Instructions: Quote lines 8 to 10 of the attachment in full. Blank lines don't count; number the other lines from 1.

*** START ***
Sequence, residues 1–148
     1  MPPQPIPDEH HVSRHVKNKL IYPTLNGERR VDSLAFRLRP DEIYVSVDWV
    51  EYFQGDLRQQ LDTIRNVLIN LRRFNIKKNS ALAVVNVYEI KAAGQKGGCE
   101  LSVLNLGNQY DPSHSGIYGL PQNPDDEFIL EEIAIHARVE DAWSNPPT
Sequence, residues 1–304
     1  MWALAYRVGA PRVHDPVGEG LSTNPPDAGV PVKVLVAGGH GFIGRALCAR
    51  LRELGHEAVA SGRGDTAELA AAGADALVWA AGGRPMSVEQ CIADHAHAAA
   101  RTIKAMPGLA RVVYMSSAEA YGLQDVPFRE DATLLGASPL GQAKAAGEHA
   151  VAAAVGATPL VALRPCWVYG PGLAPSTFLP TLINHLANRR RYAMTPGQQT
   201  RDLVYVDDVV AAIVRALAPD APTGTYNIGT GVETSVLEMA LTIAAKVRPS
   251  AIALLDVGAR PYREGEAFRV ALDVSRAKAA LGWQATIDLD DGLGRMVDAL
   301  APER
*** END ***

   101  RTIKAMPGLA RVVYMSSAEA YGLQDVPFRE DATLLGASPL GQAKAAGEHA
   151  VAAAVGATPL VALRPCWVYG PGLAPSTFLP TLINHLANRR RYAMTPGQQT
   201  RDLVYVDDVV AAIVRALAPD APTGTYNIGT GVETSVLEMA LTIAAKVRPS